US still investigating waterboarding torture: official
A senior US official said on Friday that waterboarding was clearly outlawed as torture, with an investigation still under way to see if those who ordered such a practice could be prosecuted.
The Washington Post reported on Thursday that former president George W. Bush said in his memoirs that he personally gave the go-ahead for CIA officers to use waterboarding on self-confessed 9/11 mastermind Khalid Sheikh Mohammed.
Harold Koh, legal adviser at the US State Department, said on the sidelines of a UN Human Rights Council meeting in Geneva that "there has been a turning of the page" under President Barack Obama.
"I think that the Obama administration defines waterboarding as torture as a matter of law under the convention against torture and as part of our legal obligation... it's not a policy choice," Koh told journalists after being asked about the report.
Asked whether the United States was still considering investigation or federal prosecution of those who might have ordered such a practice in the past, Koh said the matter was being examined by Special Prosecutor John Durham in Connecticut.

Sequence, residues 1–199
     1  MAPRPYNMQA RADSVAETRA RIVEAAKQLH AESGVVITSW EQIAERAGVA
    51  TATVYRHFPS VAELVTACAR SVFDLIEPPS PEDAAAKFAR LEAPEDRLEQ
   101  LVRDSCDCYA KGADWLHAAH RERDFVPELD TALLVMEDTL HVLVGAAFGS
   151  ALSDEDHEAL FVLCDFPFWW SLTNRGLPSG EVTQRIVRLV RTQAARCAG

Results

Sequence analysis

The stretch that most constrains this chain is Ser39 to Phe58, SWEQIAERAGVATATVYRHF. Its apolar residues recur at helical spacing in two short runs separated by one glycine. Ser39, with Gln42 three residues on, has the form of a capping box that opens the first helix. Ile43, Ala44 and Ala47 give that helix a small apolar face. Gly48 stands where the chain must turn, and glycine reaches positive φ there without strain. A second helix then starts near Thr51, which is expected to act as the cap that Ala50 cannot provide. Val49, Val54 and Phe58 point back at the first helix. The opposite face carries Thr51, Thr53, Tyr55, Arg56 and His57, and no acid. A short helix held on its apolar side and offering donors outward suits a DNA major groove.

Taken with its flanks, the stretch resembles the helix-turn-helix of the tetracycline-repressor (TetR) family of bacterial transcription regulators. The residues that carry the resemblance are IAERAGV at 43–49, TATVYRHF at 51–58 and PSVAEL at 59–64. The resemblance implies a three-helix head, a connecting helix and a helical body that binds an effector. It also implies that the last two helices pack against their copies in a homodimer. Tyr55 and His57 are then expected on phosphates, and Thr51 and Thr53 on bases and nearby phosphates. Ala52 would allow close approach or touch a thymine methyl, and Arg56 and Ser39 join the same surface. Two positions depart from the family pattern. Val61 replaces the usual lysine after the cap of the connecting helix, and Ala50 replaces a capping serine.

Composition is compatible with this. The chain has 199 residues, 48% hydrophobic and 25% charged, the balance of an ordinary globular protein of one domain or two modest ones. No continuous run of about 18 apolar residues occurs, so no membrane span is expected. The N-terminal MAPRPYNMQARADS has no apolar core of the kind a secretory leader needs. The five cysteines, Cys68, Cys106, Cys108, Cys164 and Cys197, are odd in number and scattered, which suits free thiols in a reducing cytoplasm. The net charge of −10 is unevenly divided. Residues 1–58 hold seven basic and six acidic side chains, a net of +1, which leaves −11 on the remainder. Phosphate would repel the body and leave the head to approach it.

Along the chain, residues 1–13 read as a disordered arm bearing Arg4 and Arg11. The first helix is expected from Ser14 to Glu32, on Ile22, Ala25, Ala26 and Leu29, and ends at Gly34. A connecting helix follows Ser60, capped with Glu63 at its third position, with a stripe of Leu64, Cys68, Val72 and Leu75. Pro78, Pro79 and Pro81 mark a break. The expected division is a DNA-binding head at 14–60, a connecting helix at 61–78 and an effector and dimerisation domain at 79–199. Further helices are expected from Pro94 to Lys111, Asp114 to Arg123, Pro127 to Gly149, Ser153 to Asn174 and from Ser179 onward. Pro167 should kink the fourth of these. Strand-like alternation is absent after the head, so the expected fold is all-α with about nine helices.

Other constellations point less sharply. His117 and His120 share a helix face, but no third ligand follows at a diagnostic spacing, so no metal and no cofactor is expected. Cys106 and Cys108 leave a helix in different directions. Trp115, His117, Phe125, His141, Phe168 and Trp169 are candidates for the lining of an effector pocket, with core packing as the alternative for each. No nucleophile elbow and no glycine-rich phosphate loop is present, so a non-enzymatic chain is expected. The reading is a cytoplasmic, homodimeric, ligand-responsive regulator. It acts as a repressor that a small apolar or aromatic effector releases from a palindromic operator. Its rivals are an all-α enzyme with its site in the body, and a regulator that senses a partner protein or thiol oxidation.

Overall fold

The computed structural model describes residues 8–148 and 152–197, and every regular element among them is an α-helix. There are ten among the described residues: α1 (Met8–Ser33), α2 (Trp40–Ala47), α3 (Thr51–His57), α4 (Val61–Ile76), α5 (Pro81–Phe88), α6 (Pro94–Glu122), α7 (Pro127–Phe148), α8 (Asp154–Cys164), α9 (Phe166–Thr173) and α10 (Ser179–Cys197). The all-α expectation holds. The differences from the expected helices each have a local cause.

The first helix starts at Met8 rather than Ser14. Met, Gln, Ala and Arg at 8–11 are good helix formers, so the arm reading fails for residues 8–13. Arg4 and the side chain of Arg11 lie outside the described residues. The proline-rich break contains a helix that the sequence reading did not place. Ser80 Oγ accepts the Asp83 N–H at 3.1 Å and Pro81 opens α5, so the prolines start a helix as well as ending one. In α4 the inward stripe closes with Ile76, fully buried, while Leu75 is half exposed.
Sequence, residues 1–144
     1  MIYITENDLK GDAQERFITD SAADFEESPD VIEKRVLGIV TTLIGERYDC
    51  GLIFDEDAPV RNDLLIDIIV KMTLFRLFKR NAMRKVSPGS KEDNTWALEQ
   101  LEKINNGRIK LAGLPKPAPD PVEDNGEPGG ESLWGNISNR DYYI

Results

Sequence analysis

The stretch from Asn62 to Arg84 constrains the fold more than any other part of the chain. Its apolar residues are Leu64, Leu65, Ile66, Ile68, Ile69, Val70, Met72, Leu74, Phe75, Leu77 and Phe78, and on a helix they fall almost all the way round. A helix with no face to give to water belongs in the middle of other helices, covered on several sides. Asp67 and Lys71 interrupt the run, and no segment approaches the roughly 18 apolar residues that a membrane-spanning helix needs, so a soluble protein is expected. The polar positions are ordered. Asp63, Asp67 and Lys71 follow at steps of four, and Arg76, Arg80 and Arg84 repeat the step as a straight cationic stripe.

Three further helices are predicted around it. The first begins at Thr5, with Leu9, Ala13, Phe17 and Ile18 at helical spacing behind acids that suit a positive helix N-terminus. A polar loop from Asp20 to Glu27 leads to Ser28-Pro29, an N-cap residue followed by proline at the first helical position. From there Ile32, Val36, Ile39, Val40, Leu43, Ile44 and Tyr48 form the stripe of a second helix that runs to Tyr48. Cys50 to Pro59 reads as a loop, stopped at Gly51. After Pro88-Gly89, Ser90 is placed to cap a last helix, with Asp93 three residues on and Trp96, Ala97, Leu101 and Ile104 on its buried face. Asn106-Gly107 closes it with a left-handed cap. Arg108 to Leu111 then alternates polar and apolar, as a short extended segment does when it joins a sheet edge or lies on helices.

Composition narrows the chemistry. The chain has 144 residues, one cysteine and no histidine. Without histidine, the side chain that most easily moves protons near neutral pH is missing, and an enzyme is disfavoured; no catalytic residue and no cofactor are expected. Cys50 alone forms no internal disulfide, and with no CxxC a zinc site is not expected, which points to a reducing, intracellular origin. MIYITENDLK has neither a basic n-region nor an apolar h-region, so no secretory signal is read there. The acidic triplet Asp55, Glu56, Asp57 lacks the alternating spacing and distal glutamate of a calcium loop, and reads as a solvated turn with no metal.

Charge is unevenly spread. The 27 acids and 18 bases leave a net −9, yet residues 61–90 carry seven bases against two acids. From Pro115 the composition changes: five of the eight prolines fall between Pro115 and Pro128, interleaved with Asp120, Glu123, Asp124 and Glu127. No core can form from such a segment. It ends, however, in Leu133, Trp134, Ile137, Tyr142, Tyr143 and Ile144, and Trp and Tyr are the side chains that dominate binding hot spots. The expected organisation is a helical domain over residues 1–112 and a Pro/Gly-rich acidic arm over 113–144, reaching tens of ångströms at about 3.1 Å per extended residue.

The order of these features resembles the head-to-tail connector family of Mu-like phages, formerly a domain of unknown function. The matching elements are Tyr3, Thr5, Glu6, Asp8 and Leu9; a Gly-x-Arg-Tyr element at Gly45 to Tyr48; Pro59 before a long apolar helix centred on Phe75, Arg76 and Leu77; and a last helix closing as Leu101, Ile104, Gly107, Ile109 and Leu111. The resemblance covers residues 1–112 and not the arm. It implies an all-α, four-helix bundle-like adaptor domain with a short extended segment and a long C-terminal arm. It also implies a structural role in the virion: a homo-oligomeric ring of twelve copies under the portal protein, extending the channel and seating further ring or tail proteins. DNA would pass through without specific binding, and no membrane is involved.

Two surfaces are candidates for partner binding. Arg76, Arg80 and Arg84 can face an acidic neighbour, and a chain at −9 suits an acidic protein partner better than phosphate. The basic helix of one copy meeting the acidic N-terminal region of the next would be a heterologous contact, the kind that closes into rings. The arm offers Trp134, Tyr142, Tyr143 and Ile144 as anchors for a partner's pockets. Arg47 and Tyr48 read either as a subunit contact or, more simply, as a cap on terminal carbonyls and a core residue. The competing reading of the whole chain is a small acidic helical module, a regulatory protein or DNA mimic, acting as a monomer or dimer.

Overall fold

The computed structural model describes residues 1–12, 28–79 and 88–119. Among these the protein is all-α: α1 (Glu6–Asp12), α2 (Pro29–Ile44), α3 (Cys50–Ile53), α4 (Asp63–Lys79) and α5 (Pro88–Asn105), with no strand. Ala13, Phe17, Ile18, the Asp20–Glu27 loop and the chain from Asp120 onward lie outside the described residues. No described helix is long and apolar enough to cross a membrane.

"Those investigations are ongoing. So the question is not whether they would consider it, they're going on right now," he explained.
Obama changed the policy on his second day in office. He added in 2009 that operatives who carried out the interrogations would not be prosecuted, saying they acted on orders and were defending their country.
Some human rights experts told the Washington Post that Bush's memoir acknowledgement could theoretically expose him to prosecution, but that such legal action was unlikely.
Last year, the US Senate Intelligence Committee said the CIA first sought to use what Bush described as "enhanced" interrogation techniques including waterboarding in May 2002, after Attorney General John Ashcroft concluded that it was lawful.
Koh underlined that the narrow definition of torture that allowed such activities at the time relied on an opinion of the office of legal counsel at the justice department.
"That has been withdrawn and also declared to be legally incorrect," he said
The United States ratified the Convention Against Torture and other Cruel, Inhuman or Degrading Treatment in 1994.
© 2010 AFP